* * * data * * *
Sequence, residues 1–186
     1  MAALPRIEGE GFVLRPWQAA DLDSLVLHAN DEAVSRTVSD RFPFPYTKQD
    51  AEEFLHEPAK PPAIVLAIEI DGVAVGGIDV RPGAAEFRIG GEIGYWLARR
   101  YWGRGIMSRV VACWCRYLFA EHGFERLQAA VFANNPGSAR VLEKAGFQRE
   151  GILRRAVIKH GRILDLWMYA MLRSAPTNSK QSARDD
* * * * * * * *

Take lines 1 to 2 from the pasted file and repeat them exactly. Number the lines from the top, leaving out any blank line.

Sequence, residues 1–186
     1  MAALPRIEGE GFVLRPWQAA DLDSLVLHAN DEAVSRTVSD RFPFPYTKQD